Drug Prices Are Higher In The United States Than Any Other Country, It's Time For The Trump Administration To Do Something About It

Drug Prices Are Higher In The United States Than Any Other Country, It's Time For The Trump Administration To Do Something About It

Where are these costs coming from?
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If you have ever needed to go to the pharmacy, you may have noticed that drug prices are a big problem. If you have, you wouldn't be the only one. An analysis from Bloomberg shows that 7 of 8 top-selling drugs are more expensive in the US than in other countries, even after you take discounts into account.

So the obvious question is "where do these costs come from?" Well, many will point to the research and development of these drugs, but a quick look into that shows that idea doesn't really pan out. Looking at below chart, put together by the BBC using data from GlobalData, you can see that for many companies their profits are comparable, or even larger than their R&D spending.

World's largest pharmaceutical firms
Company Total revenue ($bn) R&D spend ($bn) Sales and marketing spend($bn) Profit ($bn) Profit margin (%)
Johnson & Johnson (US) 71.3 8.2 17.5 13.8 19
Novartis (Swiss) 58.8 9.9 14.6 9.2 16
Pfizer (US) 51.6 6.6 11.4 22.0 43
Hoffmann-La Roche (Swiss) 50.3 9.3 9.0 12.0 24
Sanofi (France) 44.4 6.3 9.1 8.5 11
Merck (US) 44.0 7.5 9.5 4.4 10
GSK (UK) 41.4 5.3 9.9 8.5 21
AstraZeneca (UK) 25.7 4.3 7.3 2.6 10
Eli Lilly (US) 23.1 5.5 5.7 4.7 20
AbbVie (US) 18.8 2.9 4.3 4.1 22
Source: GlobalData

Another contender, PBMs, or pharmacy benefits managers, never heard of them? Neither had I until I read this Washington Post article which said:

"PBMs are for-profit companies that negotiate drug price discounts on behalf of insurers and employers. They include giant companies like Express Scripts Holding and CVS Health. They make money from fees paid by insurers and employers and by taking a cut of the rebates they negotiate. Drug companies have argued that the need to give larger and larger rebates to PBMs is what’s driving up the list prices of drugs. "

The article continues with "PBMs say they typically pass along 90 percent of the savings they negotiate to customers " but then they provide this paper to show that the rebates PBMs argue for have 0 effects on drug prices.

So essentially, PBMs are middlemen, that do nothing more than bog down an already complex system, and take in money that could be passed on to the consumer, or go to making better drugs.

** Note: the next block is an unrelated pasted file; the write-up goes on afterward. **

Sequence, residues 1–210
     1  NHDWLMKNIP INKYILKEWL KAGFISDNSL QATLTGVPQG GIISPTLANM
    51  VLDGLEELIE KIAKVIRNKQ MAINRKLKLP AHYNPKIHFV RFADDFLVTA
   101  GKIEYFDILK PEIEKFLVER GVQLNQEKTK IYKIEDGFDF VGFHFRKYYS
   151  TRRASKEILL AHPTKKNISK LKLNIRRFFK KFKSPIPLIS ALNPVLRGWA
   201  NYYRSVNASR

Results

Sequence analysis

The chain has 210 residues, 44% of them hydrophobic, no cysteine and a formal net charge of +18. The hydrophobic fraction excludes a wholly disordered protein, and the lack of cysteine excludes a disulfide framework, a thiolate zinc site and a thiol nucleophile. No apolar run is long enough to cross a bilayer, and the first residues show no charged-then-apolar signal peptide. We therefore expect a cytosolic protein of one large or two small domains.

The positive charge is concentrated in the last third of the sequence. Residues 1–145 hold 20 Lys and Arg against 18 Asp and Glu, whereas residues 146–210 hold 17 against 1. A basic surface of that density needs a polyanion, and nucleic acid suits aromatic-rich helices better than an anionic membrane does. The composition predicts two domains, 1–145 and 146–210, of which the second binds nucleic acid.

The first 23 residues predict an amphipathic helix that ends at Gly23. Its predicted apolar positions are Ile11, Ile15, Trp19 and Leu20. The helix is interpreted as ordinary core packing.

The Washington Post article goes on to say how the whole debate gets skewed since two people could spend very different prices on the same drug depending on their insurance plans.

And by-and-large, it is a mess, but that shouldn't stop us from trying to fix it. What it really comes down to is the fact that America's way of getting medicine to people is not as efficient as it is in other countries. In other countries, the government can negotiate with pharmaceutical companies, and if the country doesn't get a good deal, the company loses out on selling to that entire nation. But that isn't true in the US. Let alone all of the various PBMs and insurance companies, Medicare is bound by law not to negotiate with pharmaceutical companies. This, along with the all of the other players such as PBMs and all of the different insurance companies, which makes it so hard for Americans to get good drug prices.

That is without even mentioning the power pharmaceutical companies have to get consumers to spend money on their most expensive drugs. Since generic brand rugs are cheaper and equally effective, many people would prefer to use them, but of course, many people just use whatever their doctor rights in the prescription. This is why it is a big deal that pharmaceutical companies give doctors "gifts, educational grants and sponsor[ed] lectures" which the BBC describes as still "commonplace in the US". They then point to this research paper to show that "doctors in the US receiving payments from pharma companies were twice as likely to prescribe their drugs."

This would be another problem that could vanish if the government was a bigger player in buying drugs for the US.

Other solutions could be having US-made drugs which are exported to other countries (where they are sold much cheaper) be bought by Americans (something that is currently outlawed). Or have a price-cap on certain drugs. Ideas both presented in this Los Angeles Times article.